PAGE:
When talking about the health service, it is often more prudent to use the language of theology rather than policy. Phrases such as "hands off our NHS" and "the NHS saved my life" are common place and demonstrate the reverence the British people have for it, and the personal ownership many of us feel we have over it. Nigel Lawson's adage that it is the closest thing we have to a national religion still rings true.
Dear Secretary of State for Work and Pensions... You will be at the helm of the Department for Work and Pensions in circumstances few would have predicted a few weeks ago: a worsening labour market and the prospect of a recession. Adjusting your department to this new reality should be your top priority.
Whenever a well-known business announces redundancies of hundreds of jobs it makes the headlines. We all understand the horrifying impact these kinds of decisions have on people and communities. So imagine where the UK's recovery would be without the 100,000 jobs that exist thanks to responsible finance lenders over the past 10 years.
Food security is a major global issue. There are many facets of this complex issue, but there is a critical one that continues to be overlooked. This blind spot amounts to ignoring one of the most useful aides to people in the developing world, and the loss of a huge opportunity for international development. It is the contribution of working horses, donkeys and mules.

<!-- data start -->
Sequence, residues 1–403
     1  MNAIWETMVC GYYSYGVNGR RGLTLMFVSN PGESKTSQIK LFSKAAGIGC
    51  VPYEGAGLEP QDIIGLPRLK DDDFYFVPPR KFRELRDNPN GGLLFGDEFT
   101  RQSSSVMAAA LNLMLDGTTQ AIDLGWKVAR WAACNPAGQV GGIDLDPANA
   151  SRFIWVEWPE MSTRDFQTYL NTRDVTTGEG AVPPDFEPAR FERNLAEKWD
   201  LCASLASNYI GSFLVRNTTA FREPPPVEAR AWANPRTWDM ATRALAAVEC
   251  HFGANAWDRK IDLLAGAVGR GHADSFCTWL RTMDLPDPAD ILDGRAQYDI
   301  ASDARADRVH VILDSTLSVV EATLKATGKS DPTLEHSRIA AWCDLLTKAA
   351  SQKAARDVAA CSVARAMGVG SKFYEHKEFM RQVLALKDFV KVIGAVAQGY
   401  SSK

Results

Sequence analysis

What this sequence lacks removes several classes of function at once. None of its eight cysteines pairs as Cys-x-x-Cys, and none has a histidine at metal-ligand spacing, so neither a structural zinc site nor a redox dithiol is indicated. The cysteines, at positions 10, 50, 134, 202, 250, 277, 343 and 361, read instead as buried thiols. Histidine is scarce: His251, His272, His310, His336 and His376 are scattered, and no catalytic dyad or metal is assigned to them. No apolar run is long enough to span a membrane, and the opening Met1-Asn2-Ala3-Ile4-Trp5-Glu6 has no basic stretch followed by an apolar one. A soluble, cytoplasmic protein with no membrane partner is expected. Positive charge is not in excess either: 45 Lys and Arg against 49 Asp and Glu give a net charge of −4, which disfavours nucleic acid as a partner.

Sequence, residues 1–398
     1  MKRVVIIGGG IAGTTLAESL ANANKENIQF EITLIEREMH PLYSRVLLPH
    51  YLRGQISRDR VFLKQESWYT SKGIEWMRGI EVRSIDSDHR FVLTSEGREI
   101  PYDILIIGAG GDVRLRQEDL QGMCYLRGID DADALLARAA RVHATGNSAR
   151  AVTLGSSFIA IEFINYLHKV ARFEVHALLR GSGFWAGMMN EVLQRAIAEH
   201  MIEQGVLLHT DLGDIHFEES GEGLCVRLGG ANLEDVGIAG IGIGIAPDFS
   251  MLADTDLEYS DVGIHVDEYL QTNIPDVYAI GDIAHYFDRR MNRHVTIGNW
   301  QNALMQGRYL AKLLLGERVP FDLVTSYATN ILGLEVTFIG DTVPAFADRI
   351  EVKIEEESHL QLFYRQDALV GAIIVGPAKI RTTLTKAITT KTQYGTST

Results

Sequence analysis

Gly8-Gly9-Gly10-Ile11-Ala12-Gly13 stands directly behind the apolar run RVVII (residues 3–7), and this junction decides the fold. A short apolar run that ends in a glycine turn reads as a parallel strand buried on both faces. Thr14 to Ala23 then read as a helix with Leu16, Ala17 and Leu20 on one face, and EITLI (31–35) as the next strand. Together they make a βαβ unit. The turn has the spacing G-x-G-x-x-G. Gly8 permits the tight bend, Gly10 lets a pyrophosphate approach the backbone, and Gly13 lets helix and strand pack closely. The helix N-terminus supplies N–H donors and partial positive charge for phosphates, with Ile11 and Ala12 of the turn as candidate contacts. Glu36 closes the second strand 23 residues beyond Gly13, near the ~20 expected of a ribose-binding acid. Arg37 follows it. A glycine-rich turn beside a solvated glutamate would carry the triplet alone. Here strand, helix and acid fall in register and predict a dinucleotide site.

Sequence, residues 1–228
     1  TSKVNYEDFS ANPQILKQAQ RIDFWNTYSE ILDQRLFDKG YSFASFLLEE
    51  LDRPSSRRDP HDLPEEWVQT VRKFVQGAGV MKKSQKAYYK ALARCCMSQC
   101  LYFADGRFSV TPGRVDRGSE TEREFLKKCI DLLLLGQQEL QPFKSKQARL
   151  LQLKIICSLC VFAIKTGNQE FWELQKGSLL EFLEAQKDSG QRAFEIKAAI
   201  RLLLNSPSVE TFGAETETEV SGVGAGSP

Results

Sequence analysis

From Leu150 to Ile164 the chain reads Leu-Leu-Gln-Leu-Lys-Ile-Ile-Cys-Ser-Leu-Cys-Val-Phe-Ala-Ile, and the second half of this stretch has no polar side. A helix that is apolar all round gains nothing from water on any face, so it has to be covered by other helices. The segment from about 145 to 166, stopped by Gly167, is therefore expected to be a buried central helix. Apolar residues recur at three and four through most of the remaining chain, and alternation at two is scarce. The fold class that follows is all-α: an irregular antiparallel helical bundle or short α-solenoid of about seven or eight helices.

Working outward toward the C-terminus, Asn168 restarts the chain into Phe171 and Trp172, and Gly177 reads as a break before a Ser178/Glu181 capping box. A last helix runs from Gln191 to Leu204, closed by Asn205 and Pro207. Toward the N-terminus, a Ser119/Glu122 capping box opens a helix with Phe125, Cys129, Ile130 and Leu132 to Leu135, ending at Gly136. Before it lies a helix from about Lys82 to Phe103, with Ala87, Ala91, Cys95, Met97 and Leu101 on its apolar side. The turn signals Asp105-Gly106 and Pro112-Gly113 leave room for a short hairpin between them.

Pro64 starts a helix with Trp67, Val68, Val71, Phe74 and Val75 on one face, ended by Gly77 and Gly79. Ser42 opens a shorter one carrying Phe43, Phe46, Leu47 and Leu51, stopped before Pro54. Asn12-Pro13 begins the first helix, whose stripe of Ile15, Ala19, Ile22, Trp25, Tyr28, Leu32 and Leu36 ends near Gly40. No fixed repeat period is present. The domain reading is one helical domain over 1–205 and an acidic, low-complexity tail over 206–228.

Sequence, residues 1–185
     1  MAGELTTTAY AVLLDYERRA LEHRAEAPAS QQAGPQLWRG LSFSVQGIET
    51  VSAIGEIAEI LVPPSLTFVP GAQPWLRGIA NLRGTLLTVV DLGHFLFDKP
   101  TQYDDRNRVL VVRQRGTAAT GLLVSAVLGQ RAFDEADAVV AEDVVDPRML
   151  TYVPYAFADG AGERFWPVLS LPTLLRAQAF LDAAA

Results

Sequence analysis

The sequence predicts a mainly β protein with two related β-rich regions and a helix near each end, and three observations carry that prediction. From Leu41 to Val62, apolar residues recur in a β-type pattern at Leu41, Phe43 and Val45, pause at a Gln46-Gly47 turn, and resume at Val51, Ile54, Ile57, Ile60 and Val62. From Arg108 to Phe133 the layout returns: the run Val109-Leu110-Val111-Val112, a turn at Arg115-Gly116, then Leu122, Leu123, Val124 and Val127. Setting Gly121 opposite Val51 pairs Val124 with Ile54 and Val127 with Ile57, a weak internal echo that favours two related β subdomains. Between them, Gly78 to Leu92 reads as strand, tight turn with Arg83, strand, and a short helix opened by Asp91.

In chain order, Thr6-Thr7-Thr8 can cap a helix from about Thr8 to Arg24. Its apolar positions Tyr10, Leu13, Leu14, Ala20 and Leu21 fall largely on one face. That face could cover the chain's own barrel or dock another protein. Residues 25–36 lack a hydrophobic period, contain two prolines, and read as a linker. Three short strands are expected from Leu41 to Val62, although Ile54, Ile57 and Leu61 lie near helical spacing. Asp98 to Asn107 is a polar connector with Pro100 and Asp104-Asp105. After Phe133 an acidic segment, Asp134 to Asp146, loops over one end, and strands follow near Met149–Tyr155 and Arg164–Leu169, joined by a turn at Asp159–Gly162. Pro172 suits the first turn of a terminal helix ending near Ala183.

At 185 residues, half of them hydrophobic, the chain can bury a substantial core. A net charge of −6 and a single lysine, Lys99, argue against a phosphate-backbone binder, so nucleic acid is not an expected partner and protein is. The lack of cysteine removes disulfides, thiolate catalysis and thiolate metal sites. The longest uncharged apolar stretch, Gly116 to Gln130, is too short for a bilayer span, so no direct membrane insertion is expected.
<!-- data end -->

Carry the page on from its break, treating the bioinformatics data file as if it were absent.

Of course we want young people to make the most of their lives through a well-rounded education, but under Corbyn's plan I worry this will not be the case. Instead, if a National Education Service is implemented, the reality is society will be going at the speed of the slowest, and this is in nobody's interest.
Apprenticeships are attracting a huge amounts of interest from across the political spectrum. We've come a long way from the days when Tony Blair is said to have joked that political interest in vocational education was such that he could make a declaration of war in a speech about skills and no-one would ever notice.
We cannot rely on charities: this needs to be a top priority for our Government and we need to find ways of working together to address this issue. It's no good having policy in place if it is not put into practice. The system needs to be overhauled and fast, if we are to provide the care and support that all disabled children and their families deserve.